By Amy B Wang
15 September 2018

(The Washington Post) – “Like magic” and “NO WAY!”

These are the latest phrases President Trump is using to express continuing disbelief that Hurricane Maria could have caused nearly 3,000 excess deaths in Puerto Rico. In his mind — or in his tweets, at least — the death toll remains in the double digits.

Multiple times last week, Trump lashed out at a study from George Washington University’s Milken Institute School of Public Health that estimated 2,975 “excess deaths” occurred on Puerto Rico in the six-month period after Hurricane Maria struck the U.S. territory.

First, on Thursday, Trump falsely accused Democrats of inflating the death toll as a political ploy to make his administration look bad. Late Friday night, the president tweeted again, offering no evidence but alleging that “they” had hired “GWU Research” to arrive at a death toll that was “FIFTY TIMES LAST ORIGINAL NUMBER — NO WAY!”

There are several claims in or related to Trump’s latest pair of tweets that have already been explained or debunked. But because the president this time appears to be questioning the GWU study’s methodology, as well as expressing a strong (read: ALL-CAPS) doubt that a death toll can jump from the tens to the thousands, let’s break those ideas down.

How did GWU researchers arrive at the 2,975 figure?

To reiterate, the GWU study estimated 2,975 “excess deaths” occurred on Puerto Rico in the six-month period after Hurricane Maria struck the U.S. territory. The emphasis here is on the word “excess”: Using projections from past census data, researchers first estimated what the death rate in Puerto Rico would have been between September 2017 and February 2018 had the hurricane not happened at all. They also took into consideration the population change caused by people moving away from the island for good in the months after Hurricane Maria.

Evaluating all those factors, the study concluded that anywhere from 2,658 to 3,290 excess deaths took place between September and February. (The 2,975 number represents the midpoint of that range.) Every social stratum and age group was affected by excess mortality, the study noted, although populations in lower-income areas were hit harder.

As The Washington Post’s Arelis R. Hernández, Samantha Schmidt and Joel Achenbach reported when the study was released, GWU researchers intentionally evaluated a long period of time after the hurricane to see whether the death rate would taper back to normal after a while. It did not:

People continued to die at anomalous rates long after the storm, as the territory struggled with infrastructure failures and political infighting. Nearly 900 excess deaths were reported in January and February of this year. The mortality rates remained high in the poorest areas, the study found.

The GWU report has a limitation: It does not specify how people died. It is a statistical study based on death records and expected mortality rates. The researchers said they hope to conduct a more detailed investigation in the future.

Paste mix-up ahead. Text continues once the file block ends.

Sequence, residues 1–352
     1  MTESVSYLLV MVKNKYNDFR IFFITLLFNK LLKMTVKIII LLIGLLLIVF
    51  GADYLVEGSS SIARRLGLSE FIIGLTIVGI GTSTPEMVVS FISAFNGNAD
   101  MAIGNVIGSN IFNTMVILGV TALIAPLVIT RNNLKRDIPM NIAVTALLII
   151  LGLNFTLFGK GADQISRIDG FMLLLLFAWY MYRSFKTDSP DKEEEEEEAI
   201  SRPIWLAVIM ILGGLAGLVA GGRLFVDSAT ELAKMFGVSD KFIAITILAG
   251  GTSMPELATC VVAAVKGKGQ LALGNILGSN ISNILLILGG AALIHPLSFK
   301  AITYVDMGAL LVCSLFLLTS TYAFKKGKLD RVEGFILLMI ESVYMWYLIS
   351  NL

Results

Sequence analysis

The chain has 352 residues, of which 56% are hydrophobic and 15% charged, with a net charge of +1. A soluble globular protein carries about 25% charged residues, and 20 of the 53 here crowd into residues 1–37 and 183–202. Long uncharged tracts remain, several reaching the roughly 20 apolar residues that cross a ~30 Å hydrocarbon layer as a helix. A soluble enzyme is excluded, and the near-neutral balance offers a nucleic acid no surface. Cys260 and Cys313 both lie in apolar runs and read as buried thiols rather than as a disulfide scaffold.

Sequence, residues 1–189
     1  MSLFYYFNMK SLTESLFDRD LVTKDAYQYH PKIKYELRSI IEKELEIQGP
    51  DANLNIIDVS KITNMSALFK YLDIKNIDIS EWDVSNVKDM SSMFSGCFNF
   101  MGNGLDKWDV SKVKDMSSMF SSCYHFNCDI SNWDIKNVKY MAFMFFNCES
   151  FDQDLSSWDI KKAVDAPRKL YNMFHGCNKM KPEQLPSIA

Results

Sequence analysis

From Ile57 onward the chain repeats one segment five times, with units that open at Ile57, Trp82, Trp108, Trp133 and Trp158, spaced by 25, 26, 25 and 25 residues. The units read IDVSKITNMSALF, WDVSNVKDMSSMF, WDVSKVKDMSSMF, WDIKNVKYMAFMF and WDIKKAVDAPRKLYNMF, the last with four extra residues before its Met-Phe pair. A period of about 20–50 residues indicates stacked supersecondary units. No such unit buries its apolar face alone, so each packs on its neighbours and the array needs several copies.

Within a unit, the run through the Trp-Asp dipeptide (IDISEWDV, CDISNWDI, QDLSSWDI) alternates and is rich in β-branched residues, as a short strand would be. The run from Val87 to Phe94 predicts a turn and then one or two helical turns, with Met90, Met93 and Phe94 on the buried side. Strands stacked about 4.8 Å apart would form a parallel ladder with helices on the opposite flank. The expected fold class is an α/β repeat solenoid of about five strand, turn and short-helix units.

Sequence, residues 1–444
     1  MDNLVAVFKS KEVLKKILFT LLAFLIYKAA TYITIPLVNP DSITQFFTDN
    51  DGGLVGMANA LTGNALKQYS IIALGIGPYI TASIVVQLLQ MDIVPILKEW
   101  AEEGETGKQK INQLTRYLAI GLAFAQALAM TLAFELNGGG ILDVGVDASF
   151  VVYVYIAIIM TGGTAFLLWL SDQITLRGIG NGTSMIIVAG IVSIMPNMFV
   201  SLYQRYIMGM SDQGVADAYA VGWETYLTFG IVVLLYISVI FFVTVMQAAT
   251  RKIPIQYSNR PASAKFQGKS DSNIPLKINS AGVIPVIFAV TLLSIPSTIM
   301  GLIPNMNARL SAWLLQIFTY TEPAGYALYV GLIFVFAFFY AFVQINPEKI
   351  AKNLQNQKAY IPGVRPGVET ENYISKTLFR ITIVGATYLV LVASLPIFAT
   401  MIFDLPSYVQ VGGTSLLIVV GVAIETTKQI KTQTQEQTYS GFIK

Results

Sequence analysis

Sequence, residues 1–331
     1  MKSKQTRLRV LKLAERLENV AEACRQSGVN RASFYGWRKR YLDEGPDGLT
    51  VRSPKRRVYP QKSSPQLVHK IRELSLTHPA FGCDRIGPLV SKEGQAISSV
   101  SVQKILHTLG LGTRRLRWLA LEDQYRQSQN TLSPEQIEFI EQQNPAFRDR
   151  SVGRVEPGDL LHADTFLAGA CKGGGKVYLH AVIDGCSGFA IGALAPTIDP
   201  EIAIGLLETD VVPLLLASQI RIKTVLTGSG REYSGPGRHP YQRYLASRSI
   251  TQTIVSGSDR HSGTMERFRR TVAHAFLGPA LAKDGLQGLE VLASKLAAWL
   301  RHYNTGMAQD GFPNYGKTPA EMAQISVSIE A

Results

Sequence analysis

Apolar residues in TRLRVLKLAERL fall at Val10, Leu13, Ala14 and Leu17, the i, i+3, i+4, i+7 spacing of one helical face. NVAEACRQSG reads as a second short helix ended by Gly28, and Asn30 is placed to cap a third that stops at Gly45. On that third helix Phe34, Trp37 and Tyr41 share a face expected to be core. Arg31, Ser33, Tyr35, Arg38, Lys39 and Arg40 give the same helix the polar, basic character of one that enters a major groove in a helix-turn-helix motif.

… the leaders of the research effort said that in low-income areas the mortality rate remained somewhat elevated even after six months. They said further investigation of mortality rates after February could push the estimate even higher.

Notably, the study was commissioned by Puerto Rican Gov. Ricardo Rosselló, whose administration had been criticized for its response to the hurricane and for its unwillingness to accept earlier reports of a death toll higher than 64. When the GWU report was released in August, Rosselló, a onetime Trump ally, publicly accepted the findings and promised that his administration would do better.

Trump claims the government response to Hurricane Maria in Puerto an "unsung success", 11 September 2018. Photo: The Washington Post

On Saturday, Lynn R. Goldman, the dean of the Milken Institute School of Public Health, defended the GWU study and denied that politics had played a role in how it was conducted.

“Make no mistake: The death toll did continue to rise in the months after Maria,” Goldman wrote in a guest column for The Post. “In September 2017, when Puerto Rico recorded a total of 2,906 deaths, we found there was an excess of 574 deaths above what would have been expected in a year without the storm. The death toll continued to mount every day, with an excess of 697 deaths in October, 347 in November, 479 in December, 558 in January, and 320 in February, for a total of 2,975.” […]

A joint investigation by the Associated Press, Puerto Rico’s Center for Investigative Journalism and Quartz has, however, detailed names and stories behind 487 of the people in Puerto Rico who died in the aftermath of Hurricane Maria. It is so far “the most extensive record yet of who died and why.” (The emphasis is ours.)

More names and stories are likely to emerge publicly as time goes on, the investigation noted.

“This was a slow-motion, months-long disaster that kept Puerto Ricans from getting the care they needed for treatable ailments, even as President Donald Trump lauded his administration’s response,” the AP reported. […]

Why is the death toll politically important to Trump?

In short, Trump seems to consider the Puerto Rican death toll like an inverse to his inauguration crowd size of 2016: The lower he can get the number, the better he looks. Trump has bragged that the federal response to Maria was “an incredible unsung success,” contrasting it with “a real catastrophe like Katrina,” in which an estimated 1,833 died.

As The Post’s Philip Bump pointed out, Trump’s use of Katrina as a rubric against which his administration should be evaluated “hasn’t held up well” now that the GWU report estimates more than 1,000 more people died in Puerto Rico. [more]

Sorry, Mr. President: The Hurricane Maria death toll in Puerto Rico didn’t grow by ‘magic.’



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